Getting infected by a parasite is generally considered as a bad thing. However, turns out, it’s not all bad. According to a new research, being infected with a roundworm (Ascaris lumricoidis) can increase a woman’s fertility. While most people rather not be infected with a worm. This is good news particularly for women who are trying to conceive.
The study was conducted in Bolivia, where the average woman gives birth to 9 children. The study involved 986 women and noted that 70 percent of these women had a worm infection.
What’s more, up to one-third of the world’s population lives with this infection. However, while the round worm increases chances at fertility, hookworms have a completely opposite effect. The 9 year long study concluded that roundworms alter the immune system and increase the chances of pregnancy.
Research professor Aaron Blackwell said, “We think the effects we see are probably due to these infections altering women’s immune systems, such that they become more or less friendly towards a pregnancy.”
The roundworm infection may actually lead women to having two more children than they would, otherwise.
“Whilst I wouldn’t want to suggest that women try and become infected with roundworms as a way of increasing their fertility, further studies of the immunology of women who do have the parasite could ultimately lead to new and novel fertility enhancing drugs”, said professor Blackwell.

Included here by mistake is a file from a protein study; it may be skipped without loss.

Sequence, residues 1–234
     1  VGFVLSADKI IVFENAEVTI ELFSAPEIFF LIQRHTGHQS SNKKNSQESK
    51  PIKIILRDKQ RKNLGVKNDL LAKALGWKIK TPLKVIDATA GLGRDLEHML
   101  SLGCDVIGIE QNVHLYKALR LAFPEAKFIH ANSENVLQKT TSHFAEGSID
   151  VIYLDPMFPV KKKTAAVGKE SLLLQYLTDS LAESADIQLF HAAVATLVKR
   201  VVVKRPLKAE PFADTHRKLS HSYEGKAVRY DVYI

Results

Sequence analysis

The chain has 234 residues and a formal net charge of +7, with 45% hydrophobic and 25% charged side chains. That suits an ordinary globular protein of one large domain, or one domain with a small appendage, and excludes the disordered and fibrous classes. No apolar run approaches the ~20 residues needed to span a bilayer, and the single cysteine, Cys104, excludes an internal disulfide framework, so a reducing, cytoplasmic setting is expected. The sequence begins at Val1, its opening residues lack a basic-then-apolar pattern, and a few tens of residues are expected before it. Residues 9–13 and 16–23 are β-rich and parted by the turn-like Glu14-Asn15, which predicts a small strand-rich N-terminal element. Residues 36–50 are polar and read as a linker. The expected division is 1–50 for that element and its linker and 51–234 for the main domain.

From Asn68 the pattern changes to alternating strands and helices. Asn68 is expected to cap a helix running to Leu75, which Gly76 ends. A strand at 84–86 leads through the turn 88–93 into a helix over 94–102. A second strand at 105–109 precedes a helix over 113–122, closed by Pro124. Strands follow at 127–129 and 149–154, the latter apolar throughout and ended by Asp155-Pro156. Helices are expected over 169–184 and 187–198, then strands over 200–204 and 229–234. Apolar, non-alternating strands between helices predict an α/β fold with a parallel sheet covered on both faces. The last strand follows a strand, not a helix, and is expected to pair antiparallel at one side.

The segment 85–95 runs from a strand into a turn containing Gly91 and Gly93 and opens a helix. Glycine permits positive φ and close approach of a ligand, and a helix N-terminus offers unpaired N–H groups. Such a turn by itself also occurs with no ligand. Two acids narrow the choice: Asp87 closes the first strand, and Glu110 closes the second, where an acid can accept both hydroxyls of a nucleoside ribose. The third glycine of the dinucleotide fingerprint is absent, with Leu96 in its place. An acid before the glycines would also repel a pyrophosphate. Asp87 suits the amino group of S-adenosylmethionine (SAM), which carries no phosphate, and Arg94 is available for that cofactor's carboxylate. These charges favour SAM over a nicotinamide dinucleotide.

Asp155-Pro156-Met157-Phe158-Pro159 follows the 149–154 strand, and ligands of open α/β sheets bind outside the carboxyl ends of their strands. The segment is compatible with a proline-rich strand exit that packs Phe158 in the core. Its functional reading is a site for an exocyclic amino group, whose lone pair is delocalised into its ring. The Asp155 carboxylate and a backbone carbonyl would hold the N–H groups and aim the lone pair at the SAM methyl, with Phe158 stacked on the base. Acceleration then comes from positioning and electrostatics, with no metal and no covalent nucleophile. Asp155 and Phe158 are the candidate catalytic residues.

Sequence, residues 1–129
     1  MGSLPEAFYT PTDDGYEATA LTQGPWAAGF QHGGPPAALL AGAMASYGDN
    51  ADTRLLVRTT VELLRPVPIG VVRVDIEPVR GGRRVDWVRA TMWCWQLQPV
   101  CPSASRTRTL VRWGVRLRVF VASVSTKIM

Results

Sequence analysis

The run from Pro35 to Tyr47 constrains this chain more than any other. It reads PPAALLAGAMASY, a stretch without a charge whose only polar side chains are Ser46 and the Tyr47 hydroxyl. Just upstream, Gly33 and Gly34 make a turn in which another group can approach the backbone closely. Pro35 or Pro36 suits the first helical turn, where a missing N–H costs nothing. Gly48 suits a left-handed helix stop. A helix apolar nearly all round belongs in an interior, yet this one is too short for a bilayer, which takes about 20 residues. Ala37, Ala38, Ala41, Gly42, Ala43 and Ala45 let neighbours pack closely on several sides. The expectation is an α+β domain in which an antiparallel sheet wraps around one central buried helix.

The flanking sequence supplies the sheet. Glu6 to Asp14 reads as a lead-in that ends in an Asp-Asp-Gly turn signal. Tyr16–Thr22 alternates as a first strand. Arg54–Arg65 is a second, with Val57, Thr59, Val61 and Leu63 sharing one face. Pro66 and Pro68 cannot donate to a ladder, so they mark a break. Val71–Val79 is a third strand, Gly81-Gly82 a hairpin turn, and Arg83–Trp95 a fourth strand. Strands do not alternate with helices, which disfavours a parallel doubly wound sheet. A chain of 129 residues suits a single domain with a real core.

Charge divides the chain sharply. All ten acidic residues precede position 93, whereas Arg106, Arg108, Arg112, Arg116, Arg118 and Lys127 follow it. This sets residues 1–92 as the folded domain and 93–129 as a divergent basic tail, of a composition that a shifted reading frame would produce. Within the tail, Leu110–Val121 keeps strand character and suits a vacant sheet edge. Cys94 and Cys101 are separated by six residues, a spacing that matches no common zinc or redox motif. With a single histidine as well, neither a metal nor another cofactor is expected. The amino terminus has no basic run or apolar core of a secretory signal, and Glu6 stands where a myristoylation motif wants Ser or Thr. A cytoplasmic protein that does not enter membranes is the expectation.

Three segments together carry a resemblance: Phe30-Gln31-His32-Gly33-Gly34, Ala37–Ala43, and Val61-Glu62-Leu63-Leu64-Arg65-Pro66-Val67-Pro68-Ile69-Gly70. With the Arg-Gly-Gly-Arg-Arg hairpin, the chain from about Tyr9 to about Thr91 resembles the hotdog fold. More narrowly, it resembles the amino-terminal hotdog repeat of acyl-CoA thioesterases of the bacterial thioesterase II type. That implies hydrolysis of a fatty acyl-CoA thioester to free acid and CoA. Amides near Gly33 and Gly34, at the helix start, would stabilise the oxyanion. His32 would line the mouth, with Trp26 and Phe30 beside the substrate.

He further added that even though the study was an “intriguing possibility”, a lot more research is required in the field to verify the findings and “before we would recommend anyone try this”.
“The effects are unexpectedly large”
Bacterial and viral infections have explosive population growth and try to overpower the immune system. However, parasites have the opposite effect, they grow slowly and try to suppress the immune system. This is how they lower levels of allergies and make vaccines less effective. That way, hookworms may also be causing anaemia and leading to infertility.
Prof Rick Maizels, a specialist in parasitic worms and the immune system, said, “It’s horrifying that the hookworm effects are so profound, half of women by 26 or 28 have yet to fall pregnant and that’s a huge effect on life.”
Drugs have tried to boost IVF and alter a woman’s immune system without any success.
Prof Allan Pacey, a fertility scientist at the University of Sheffield, said,”It is very surprising and intriguing to find that infection with this particular species of roundworm actually enhances fertility”.
He further added:
“Whilst I wouldn’t want to suggest that women try and become infected with roundworms as a way of increasing their fertility, further studies of the immunology of women who do have the parasite could ultimately lead to new and novel fertility enhancing drugs”.
Parasite worm ‘increases women’s fertility’ https://www.bbc.com/news/health-34857022